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Gay DOJ Employees See Halting Progress On Rights
Posted By Ryan J. Reilly On October 13, 2009 @ 11:02 pm In News | Comments Disabled
Among the marchers at last Sunday’s National Equality March  in Washington were members of DOJ Pride, an organization representing gay and lesbian employees of the Department of Justice.
Christopher Hook, DOJ Pride president, said in an interview there’s been ”a big leap forward” in addressing gay and lesbian issues at the Department of Justice in recent years.
“There has certainly been progress, and we’re working with the administration to codify a lot of that progress,” said Hook, who is with the department’s Justice Management Division. “We have an improved working relationship with this administration.”
Last year, then-Attorney General Michael Mukasey reversed a five-year ban on DOJ Pride’s use of department facilities and email. The ban had been instituted by John Ashcroft, a former Missouri senator and evangelical Christian who was President George W. Bush’s first AG.
Hook said he and several other DOJ employees took part in the march to celebrate progress on LGBT (lesbian, gay, bisexual and transgender) issues.
At the Justice Department, Jenny Durkan, an openly gay Seattle lawyer, was recently confirmed as U.S. Attorney for the Western District of Washington. And Matt Nosanchuk, a former adviser to Sen. Bill Nelson (D-Fla.), joined the civil division  of DOJ as a liaison to the LGBT community. Attorney General Eric Holder has urged  Congress to pass hate crimes legislation, and he’s spoken about the 40th anniversary of the Stonewall riots  before DOJ Pride.
“Let’s be honest, too many of the same obstacles that existed then remain for us to overcome,” Holder told the group, according to the Washington Blade . “But neither the frustrations of the past, nor the challenges of the future should deter us from our goal — our responsibility — to continue our efforts to ensure the full spectrum of equal rights to LGBT Americans.”
But one high-profile court filing caused a rift in the relationship – a summer court filing defending the Defense of Marriage Act.
“The entire community was somewhat outraged by the justification in the briefing, which was very inflammatory,” said Hook. “Along with a lot of other people we contacted the administration to find out what was going on. They clearly realized what had gone wrong and refiled a brief which removed the language and said that the president opposed the law, even though the Justice Department had the obligation to defend it.”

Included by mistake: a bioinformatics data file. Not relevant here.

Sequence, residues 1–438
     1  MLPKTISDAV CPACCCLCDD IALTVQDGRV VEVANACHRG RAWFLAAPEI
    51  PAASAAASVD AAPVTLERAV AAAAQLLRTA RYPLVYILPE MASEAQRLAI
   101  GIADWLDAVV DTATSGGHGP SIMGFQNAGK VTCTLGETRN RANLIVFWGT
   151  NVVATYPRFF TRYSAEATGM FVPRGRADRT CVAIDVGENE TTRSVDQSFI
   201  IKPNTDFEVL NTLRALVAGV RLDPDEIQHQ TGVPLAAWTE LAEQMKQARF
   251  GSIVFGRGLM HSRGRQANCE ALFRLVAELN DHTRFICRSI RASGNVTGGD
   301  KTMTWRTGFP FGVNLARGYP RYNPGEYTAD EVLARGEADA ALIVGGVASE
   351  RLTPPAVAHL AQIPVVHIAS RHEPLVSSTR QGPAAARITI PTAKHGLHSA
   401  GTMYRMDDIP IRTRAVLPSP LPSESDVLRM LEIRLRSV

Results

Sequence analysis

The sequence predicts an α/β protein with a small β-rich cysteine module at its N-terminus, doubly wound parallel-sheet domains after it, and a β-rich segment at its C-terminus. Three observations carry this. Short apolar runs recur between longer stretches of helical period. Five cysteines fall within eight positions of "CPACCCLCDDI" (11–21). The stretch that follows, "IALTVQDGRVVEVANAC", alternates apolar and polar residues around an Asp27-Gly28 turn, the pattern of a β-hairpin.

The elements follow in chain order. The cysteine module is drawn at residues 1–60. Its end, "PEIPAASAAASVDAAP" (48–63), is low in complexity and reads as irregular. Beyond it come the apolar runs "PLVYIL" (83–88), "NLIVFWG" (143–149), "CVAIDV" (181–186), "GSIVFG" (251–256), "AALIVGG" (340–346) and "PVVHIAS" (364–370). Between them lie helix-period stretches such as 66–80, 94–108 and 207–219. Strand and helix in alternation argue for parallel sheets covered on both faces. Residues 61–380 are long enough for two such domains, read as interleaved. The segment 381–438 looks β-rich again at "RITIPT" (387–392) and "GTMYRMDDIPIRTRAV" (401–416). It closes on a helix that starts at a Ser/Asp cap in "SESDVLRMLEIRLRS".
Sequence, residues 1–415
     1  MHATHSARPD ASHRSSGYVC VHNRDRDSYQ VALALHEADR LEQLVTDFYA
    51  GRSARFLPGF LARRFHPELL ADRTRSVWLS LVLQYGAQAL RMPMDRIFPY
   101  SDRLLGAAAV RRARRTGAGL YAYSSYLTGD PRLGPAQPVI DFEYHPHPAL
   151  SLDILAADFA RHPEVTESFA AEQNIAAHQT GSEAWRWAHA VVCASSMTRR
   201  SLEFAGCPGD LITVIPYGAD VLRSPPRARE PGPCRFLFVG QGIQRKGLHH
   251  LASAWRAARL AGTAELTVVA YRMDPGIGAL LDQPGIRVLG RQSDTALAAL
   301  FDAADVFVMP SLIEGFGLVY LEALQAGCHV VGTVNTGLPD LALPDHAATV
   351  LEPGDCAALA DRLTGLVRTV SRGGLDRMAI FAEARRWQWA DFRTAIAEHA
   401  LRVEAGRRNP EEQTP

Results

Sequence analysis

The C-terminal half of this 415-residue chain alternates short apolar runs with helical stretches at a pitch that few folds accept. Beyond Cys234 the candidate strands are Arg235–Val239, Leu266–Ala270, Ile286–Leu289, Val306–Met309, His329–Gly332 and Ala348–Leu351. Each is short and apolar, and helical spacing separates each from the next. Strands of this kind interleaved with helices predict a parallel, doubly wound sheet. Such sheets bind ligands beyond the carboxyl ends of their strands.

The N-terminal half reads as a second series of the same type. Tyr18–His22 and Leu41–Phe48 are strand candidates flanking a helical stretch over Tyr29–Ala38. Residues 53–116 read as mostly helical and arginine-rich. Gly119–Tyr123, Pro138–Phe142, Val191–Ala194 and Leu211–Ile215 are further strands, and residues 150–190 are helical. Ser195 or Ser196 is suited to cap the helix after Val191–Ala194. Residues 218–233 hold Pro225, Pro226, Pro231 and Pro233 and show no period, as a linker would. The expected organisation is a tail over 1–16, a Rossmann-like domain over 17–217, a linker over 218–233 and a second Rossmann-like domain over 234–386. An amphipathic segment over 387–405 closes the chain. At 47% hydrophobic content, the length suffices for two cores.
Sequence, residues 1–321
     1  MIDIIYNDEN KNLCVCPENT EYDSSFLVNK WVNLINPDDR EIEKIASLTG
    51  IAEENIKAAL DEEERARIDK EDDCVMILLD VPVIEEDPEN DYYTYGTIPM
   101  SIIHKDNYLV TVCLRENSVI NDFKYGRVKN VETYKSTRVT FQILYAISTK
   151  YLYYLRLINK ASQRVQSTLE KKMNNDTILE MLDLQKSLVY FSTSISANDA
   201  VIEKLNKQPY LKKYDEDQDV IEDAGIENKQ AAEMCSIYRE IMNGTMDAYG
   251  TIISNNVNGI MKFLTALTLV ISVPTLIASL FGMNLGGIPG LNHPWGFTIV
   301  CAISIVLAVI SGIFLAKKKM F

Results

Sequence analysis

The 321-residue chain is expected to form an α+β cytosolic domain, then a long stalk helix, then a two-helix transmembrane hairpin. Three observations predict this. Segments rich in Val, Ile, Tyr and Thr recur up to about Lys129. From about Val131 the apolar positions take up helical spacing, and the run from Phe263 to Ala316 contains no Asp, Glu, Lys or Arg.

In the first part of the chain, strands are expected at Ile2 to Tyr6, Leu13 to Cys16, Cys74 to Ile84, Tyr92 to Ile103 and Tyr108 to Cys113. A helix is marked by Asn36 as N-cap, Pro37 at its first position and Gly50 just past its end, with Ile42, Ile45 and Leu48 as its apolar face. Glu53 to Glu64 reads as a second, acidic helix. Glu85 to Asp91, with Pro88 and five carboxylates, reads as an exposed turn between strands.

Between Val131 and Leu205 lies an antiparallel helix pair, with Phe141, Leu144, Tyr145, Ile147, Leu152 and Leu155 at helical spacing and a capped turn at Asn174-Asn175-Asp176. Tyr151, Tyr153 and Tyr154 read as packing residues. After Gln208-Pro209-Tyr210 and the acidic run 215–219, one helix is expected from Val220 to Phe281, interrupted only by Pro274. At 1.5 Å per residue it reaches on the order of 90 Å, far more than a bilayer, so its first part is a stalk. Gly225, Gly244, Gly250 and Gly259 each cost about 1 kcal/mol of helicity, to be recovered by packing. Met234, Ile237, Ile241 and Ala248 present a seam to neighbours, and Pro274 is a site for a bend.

That amended August court filing stated that the 1996 Defense of Marriage Act discriminates against gays, but that the government will continue to uphold the law as long as it is on the books.
President Barack Obama, meanwhile, has been threading the political needle. His administration extended some benefits to the partners of federal employees, but not health insurance or pension benefits, for example.
“As always, it’s one step forward and one step back, but we’ll take each step forward,” said Tess Smith, who came in from Pittsburgh for the march, which began at McPherson Square, passed by the White House and continued past the Main Justice building on Pennsylvania Avenue before ending at the Capitol.
Mukasey’s 2008 order that DOJ Pride should have the same rights as other employee organizations came after discrimination questions flared in the 2006 U.S. Attorney firings scandal.
Margaret Chiara, the U.S. Attorney for the Western District of Michigan, claimed she was targeted for dismissal because of false rumors that she was having a homosexual relationship with a subordinate. Chiara told DOJ Inspector General investigators the rumors of her improper relationship with an Assistant U.S. Attorney were spread by two attorneys in her office who’d been detailed to jobs at Main Justice in Washington.
However, the IG concluded that Chiara was removed for poor management skills.
Main Justice caught up with several marchers outside of the Justice Department building last Sunday. Here’s what they had to say about the Obama administration:
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